Back at the home page, I click on Timelines.  Looks like fun, however not particularly user friendly.  I see several varied choices of timelines, and click on one randomly.  There seems to be no way to narrow the timeline search.  I try moving the pointer to a year not listed.  This doesn’t work.  If I want a specific year, it seems I have to wait for the slideshow to get there.
The Biography of the Day and This Day in History have a bit more meat.  Clicking on those brings a new page with some information about the person or the day highlighted.
All in all, this assignment has been interesting, but Britannica is not going to be my first choice when asked a “current event” reference question in the future.

MARVELous Maine Invitational

Okay, readers, for the next several weeks please follow along as I take a journey learning more and more about the MARVEL databases, which are provided to any and every one who has a valid Maine library card.  I’m looking forward to learning more, and sharing my findings with all of you.

The first assignment – create a blog!  Check that piece off the list – we created this blog several months ago, and are still learning how to use it.
Also part of the first week’s homework, PLAY on the MARVEL website, and watch 3 tutorials about how things work.  Love the “play” idea!  I find I learn best by doing, so this is perfect.  I found a few minutes, and watched the tutorials as well – short and to the point.  Wonderful for a “newbie”.  I tried to access them from home, but ran into trouble finding them.  I’m not sure what or where the tutorials are stored, but the Maine State Library search bar didn’t seem to help me either.
For anyone interested, the links we were sent are :
As some of you may remember, I have been slowly learning these databases myself, so this is a wonderful incentive for me to continue!
 On a different note, October is MYSTERY MONTH for those folks participating in our Year of Reading.  The theme, as you may have guessed, is Mystery – remember, we are being very flexible as to how what you read/watch/listen to pertains to the theme.
If you are looking for an extra chance to enter the contest, check out the windows on Water Street here in Gardiner.  One of the store front windows has a “Year of Reading” poster, come in and let us know where the poster is to be entered for our Mystery drawing, sponsored by the Gardiner Library Association.  A mystery it is – a gift certificate, but to what? Or is that where?

Maine Newsstand

Another wonderful addition to the Marvel Databases is Maine Newsstand.  I must say this one, as a “Maine-I-Ac” is fascinating.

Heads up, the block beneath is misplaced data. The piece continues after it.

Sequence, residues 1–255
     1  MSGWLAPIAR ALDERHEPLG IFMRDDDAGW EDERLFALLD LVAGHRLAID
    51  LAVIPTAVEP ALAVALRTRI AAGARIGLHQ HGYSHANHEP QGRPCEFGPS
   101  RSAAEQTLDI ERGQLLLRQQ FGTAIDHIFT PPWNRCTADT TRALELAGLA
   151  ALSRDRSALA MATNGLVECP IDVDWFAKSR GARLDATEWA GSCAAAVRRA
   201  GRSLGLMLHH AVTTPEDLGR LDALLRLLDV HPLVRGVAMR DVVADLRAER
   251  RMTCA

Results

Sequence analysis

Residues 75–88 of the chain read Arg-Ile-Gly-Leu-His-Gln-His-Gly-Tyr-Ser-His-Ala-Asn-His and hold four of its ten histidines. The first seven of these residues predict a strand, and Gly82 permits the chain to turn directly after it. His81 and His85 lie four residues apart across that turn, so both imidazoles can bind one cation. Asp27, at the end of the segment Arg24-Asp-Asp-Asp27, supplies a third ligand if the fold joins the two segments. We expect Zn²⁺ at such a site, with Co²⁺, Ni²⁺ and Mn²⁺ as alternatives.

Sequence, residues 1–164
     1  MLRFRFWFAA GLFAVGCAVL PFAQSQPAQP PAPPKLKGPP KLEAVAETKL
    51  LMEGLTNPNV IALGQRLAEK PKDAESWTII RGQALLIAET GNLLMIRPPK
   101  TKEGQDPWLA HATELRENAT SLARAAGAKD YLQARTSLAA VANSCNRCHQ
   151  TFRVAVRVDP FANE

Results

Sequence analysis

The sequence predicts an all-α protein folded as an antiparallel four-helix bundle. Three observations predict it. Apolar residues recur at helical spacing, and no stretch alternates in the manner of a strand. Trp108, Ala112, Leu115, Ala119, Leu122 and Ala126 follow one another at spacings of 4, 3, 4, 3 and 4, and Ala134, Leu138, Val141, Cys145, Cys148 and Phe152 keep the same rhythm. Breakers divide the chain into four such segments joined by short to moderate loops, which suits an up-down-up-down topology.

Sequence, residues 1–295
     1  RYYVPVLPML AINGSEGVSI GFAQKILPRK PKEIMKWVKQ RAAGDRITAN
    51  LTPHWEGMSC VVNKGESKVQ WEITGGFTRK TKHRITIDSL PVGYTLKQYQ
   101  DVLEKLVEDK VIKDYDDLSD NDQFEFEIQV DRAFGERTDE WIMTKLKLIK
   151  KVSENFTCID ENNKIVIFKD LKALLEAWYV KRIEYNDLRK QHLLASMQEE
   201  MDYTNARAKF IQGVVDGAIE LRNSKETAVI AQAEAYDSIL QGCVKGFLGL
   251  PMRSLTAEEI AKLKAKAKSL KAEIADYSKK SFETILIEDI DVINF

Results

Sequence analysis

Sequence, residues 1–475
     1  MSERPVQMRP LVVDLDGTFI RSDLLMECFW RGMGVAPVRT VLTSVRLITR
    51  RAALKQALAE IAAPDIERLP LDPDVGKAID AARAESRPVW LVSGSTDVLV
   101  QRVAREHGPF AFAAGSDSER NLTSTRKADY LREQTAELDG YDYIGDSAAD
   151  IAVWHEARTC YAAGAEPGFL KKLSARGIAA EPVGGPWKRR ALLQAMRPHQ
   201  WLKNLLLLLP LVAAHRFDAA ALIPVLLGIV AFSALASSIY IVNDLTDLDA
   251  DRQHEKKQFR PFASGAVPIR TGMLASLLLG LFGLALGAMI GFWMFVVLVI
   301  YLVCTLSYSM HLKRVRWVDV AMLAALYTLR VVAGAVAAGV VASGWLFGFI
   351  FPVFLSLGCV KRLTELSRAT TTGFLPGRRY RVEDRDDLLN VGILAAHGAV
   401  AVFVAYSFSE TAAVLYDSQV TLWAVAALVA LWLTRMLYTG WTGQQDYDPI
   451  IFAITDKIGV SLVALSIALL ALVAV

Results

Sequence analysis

*** Remember, you must have a VALID Maine library card to access this database! ***
When I open this database, it is set for a Basic Search, and the Full Text radio box is unchecked.  I search “Portland Head Light” with 22992 results.  The first link that I see is from the Portland Press Herald, dated Mar. 2, 2005.  Scrolling down the screen I see that the database indexes from 1993 – 2012.  I also see a place to Sort Results By, with choices of Relevance, Publication Date (oldest first), and Publication Date (most recent first).
Other options include
Publication Title – 7 Maine newspapers are included Portland Press Herald, Bangor Daily News, Lewiston Sun Journal, Waterville Morning Sentinel, Kennebec Journal, Maine Times and Central Maine Morning Sentinel.
                Document Type – including News, FrontPage/Cover Story, Obituary, Article, Feature, Editorial, Commentary, Undefined, Review, Correspondence, Interview, Letter To The Editor and Market Research.
                Subject, Company/Organization and Location all have many, Many, MANY options.
I narrow my search by Document Type and choose to include only Front Page/Cover Story and Obituary.  The search is now only 948 articles.  Hmmm . . .  I sort the search by Publication Date (most recent first).  The first several articles are obituaries.  Out of curiosity I click on one.  I’m not completely sure why this obituary is part of my results.  The search terms are all highlighted in the article, but I only see the words Portland and Light.
                I go back and eliminate Obituary from my search, and now have 661 results.  The most recent article is from the Portland Press Herald, and dated Oct. 21, 2011.  Checking this article, I’m still not sure why my search terms are bringing it up.
(**Picture me smacking myself in the head**)
I fix my search criteria – adding quotation marks around the term “Portland Head Light”, the results are now 814 articles, and all of my filtering has been cleared.  Clicking on the first article, dated July 20, 2012, I find my search term highlighted – PERFECT!!!